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It is sometimes dangerous to trust an author's comments on his own work, but it is sometimes equally dangerous not to trust him. Schooled in the "intentional fallacy," and wary of authorial pronouncements, modern readers are reluctant to accept uncritically even comments which are accurate and illuminating. Such is the case with John Hawkes. In interviews and essays Hawkes insists that critics have over-emphasized the terror and violence of his novels while underemphasizing their comic form and vision. Thus one of his basic concerns in Second Skin was to clarify the general comic intentions in his writing…. [Hawkes defines] his comic method. "I think that the comic method functions in several ways; on the one hand it serves to create sympathy, compassion, and on the other it's a means for judging human failings as severely as possible." (p. 169)
The reader's reluctance to accept an author's interpretation of his own work extends to Skipper as well as to Hawkes. As author of Second Skin Skipper is just as potentially unreliable, and if critics have ignored Hawkes's conclusions about his novel, they have actively disbelieved Skipper's conclusions about himself. Grasping the fashionable critical handle of "unreliable narrator," critics like [Thomas] LeClair and [John] Kuehl argue that Skipper is a villain, lying to himself and the reader. In some cases, certainly, Skipper is unreliable. One of the major functions of...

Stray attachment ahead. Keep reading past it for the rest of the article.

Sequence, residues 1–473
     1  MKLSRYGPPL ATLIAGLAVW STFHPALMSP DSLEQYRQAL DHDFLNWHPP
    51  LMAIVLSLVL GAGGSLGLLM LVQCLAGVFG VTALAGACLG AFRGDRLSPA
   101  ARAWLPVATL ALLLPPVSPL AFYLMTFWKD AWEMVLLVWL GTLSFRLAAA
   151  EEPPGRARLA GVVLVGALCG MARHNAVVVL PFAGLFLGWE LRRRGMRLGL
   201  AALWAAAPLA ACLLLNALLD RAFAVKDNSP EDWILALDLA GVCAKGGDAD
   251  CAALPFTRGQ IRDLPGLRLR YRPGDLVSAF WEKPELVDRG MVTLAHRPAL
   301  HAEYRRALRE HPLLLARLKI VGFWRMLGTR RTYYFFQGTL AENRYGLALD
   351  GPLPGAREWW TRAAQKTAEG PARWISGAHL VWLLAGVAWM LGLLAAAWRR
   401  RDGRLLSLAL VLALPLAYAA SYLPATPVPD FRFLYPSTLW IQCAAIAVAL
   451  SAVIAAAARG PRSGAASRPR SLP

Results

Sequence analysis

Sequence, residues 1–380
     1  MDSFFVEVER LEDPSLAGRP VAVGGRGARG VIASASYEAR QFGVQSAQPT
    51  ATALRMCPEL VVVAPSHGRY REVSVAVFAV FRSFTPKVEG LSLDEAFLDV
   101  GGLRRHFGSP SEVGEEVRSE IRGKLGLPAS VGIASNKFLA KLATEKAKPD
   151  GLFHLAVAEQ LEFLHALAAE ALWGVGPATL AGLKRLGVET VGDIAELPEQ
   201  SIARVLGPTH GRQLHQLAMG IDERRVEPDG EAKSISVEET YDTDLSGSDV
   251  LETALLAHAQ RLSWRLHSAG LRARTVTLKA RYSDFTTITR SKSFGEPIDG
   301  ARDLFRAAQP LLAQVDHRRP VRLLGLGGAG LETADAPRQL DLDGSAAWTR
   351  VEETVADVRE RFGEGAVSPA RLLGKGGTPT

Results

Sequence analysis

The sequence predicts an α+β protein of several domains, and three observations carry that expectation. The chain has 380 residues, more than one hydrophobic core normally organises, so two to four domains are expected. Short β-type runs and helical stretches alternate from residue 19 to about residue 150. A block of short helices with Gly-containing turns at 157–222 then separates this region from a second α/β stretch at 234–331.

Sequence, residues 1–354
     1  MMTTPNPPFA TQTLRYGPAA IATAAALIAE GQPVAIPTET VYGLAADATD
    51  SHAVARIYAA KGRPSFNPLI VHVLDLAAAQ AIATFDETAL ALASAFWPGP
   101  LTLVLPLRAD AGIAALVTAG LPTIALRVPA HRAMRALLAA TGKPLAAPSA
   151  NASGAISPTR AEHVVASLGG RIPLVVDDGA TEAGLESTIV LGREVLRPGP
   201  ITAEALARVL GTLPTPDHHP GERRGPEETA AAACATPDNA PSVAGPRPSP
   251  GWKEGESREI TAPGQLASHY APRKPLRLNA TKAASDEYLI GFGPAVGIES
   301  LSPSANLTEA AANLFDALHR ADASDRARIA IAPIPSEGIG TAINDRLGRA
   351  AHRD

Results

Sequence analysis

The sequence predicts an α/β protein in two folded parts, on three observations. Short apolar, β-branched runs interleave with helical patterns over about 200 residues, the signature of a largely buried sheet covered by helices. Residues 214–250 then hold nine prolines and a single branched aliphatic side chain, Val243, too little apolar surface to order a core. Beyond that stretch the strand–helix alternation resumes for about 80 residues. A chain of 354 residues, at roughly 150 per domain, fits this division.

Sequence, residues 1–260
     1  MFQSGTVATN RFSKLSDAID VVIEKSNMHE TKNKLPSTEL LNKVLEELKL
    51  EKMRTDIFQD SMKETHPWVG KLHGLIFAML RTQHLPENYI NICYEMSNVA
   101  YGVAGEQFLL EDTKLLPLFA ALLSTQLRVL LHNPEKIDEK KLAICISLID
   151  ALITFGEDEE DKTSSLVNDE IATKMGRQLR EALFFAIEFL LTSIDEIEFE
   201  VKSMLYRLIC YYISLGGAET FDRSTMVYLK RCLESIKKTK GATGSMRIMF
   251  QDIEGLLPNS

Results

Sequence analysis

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Konrad Vost, hero of "The Passion Artist," continues Hawkes's fictional interest in relations between the sexes. Vost's artistry in passion is his ability to walk a thin line between desire and frustration. His erotic passivity and anger are counterweights, each checking the pull of the other from giving in or letting go. (p. 7)
Hawkes seems fascinated by ambivalence as a deadlock between passivity and violence. When Vost permits a young prostitute to beckon him out of his six-year sexual fast, his rage flows with his orgasm. When female prisoners revolt against their guards, he joins the guards, beating the most fragile women the most violently. These events suggest large meanings: Men seem drawn to women because they hold the promise of pleasure and release but are repelled because women make them lose their self-control. When the anger of women is not contained, it erupts in vengeance on men. If male fury is not checked by male passivity, it becomes a murderous force. But Hawkes raises such large issues only to drop them in a series of pornographic, sadomasochistic scenes in which Vost is victimizer and victimized.
Hawkes throws away the force of his vision in episodes that, though striking, go nowhere. Vost seems merely a puppet in the sideshow of a master of special effects. Hawkes is too much the detached connoisseur of disaster; the facile perversions of "The Passion Artist" inspire the dubious admiration one...
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Edward R. Stephenson
The Passion Artist is a startling, erotic, terrifyingly honest and stylistically lush achievement, the kind of novel his readers have come to expect from John Hawkes. Once again, Hawkes focuses upon a "traveler," here a "stationary traveler," one Konrad Vost, the typical Hawkes male: the searching self, questing for meaning as defined by his relationships with the several significant women in his life. (p. 278)